I’m not a meal planner.
I was once, the year I graduated college. I was on a tighter budget back then and worked at the local newspaper. Part of my job at the paper was handling the grocery store sales inserts that went in the paper each week. I would always grab an extra Publix insert for myself and design a meal plan based off what sales were happening that week. I got pretty good at it, and saved a lot of money buying around the sales cycles.
Unfortunately that all stopped when I moved to Orlando. It was just me then (in Tallahassee I was cooking for my ex-boyfriend and/or sister), I had a little extra money to spend, and I didn’t have the time to meal plan like I used to (I started this blog, which took up a lot of my spare time). I ended up shopping by whatever looked good and would get creative with meals based off of that. That way of thinking carried me through the last few years, and is still my shopping methods today.
Though I try not to be wasteful with food (again, I like to get creative), it’s not the smartest way to shop.
I knew I had to change that way of shopping for the #SurviveOn35 challenge. Yesterday I grabbed a Publix sales flyer, a pen, and paper, and attempted to plan meals for the week.
I think the hardest part about the challenge is going to be taking the bulk pantry items out of the equation. I thought about making homemade granola to eat for the week, but when I factored in the cost of the ingredients to make it (brown sugar, raisins, oatmeal, etc.) it all added up quickly. For just one week, it was cheaper to buy a box of granola on sale. The same thing happened when I thought about making homemade cornbread. The flour, cornmeal, etc all came to a total of $5, which is fine when you are going to use the ingredients to make several batches of cornbread over time, but for a one time deal – the $0.55 mix was the better deal.
Obviously pantry items are things you collect over time. You buy a thing of flour, a jar of peanut butter, or even a bulk container of raisins, and you expect them to last a while – they’re not items you bring home on a weekly basis.
When meal planning I had to take many of these items out of equation. Peanut butter, jam, or raisins for my oatmeal? Not in the budget. Coffee? Not in the budget. (Derek usually drinks his morning cup at work anyways). Nuts for snacks? Not in the budget.
While I took all those items out of the budget, I tried to keep fruit and veggies in it. Creating meals that incorporated vegetables when possible, and only purchasing the EXACT amount of veggies that I need. (i.e. I took one zucchini and one yellow squash instead of buying the pre-packaged bunch of them).
I created a rough (very rough!) plan for all meals in excel.
*It should be noted that Derek usually eats a simple sandwich for lunch everyday with just deli meat and bread.
And a grocery list based off of my meal plan.
It was eye-opening to see what items I actually needed, besides just what I thought I needed. I kept thinking I needed to add more stuff to the list (or the shopping cart at the grocery store), but this list brought me back to reality and showed me the basics of what I actually needed and not the unnecessary items that I don’t really need. Do I really need an avocado to go with my tacos? Nope, they’ll be just fine without one.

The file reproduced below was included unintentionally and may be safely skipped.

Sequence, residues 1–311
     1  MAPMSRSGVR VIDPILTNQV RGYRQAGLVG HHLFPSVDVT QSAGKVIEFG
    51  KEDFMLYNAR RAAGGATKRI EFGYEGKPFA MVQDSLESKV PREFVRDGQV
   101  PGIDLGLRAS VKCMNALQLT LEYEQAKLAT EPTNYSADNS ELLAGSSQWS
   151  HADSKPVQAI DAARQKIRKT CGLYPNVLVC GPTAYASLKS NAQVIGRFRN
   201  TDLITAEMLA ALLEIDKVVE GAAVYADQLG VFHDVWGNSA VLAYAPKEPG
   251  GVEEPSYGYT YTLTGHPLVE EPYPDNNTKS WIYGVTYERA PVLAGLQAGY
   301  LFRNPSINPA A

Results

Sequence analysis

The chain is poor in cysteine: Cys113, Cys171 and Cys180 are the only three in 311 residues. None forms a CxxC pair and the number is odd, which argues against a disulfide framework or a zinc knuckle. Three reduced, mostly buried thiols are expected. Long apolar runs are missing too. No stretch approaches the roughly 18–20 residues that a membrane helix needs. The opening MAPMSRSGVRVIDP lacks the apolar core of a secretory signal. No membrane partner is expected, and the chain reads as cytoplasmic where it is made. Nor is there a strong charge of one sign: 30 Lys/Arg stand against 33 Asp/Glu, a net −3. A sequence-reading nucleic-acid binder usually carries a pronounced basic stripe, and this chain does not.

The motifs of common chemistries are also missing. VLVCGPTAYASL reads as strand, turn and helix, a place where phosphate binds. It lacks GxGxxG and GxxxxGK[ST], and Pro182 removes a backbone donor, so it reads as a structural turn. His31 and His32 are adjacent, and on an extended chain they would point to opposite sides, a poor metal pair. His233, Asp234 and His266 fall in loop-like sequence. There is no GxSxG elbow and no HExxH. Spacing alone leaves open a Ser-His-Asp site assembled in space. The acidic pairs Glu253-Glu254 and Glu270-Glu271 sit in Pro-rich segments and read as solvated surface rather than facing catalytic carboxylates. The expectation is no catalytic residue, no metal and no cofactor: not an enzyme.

Protein is really the most expensive part of any meal plan or grocery budget. My meal plan for the week is mainly a vegetarian menu, with an emphasis on lentils and legumes for protein. I found split chicken breast on sale at Publix this week ($1.99/lb) so I came home with more chicken than I was expecting, which is nice since I ended up having to say no to my tempeh/tofu idea with the stir fry – I’ll just have to stretch the chicken breast through both meals.
I’ll go in more detail why I selected certain items, or meals as the week goes on (like frozen veggies instead of fresh), but here’s my final spread.
Coming in (barely) under budget.
No wiggle room here.
I also had to toss a few items – like the tofu, ice cream (sniff), and a second loaf of bread – to bring us under budget.
Derek and I typically spend $50-$80 every Sunday at the grocery store so, at first, the number looks right on target. However, that average total does not take into account the 2-3 meals we eat out a week, the specialty items we buy on occasion at health stores, or the food we already have in our pantry that we try to eat away at. Take all of that out of the equation, and we’re losing a lot of meals that the usual average is used on.
Now we have to “budget” our food wisely, to make sure it lasts for all 7 days. That’s the real challenge.
Do you have any meal planning tips? Leave them below and I’ll create a list for my next post.
Day 1: Meal #2
2 eggs in a whole-wheat basket
Hummus and carrots
Publix hummus was on sale for $1.99 this week. Since tahini is $$, it wasn’t in the budget to make my own (homemade hummus is NOT the same without tahini!). My goal is to savor this container and make it last the week.
- Publix Bread: $2.49 ($0.32 for 2 slices)
- 18 Eggs: $2.39 ( $0.28 for 2)
- Carrots: $1.89 ( $.19 for 2)
- Hummus: $1.99 ( $.25 for 1 tablespoon)
- Total: $1.04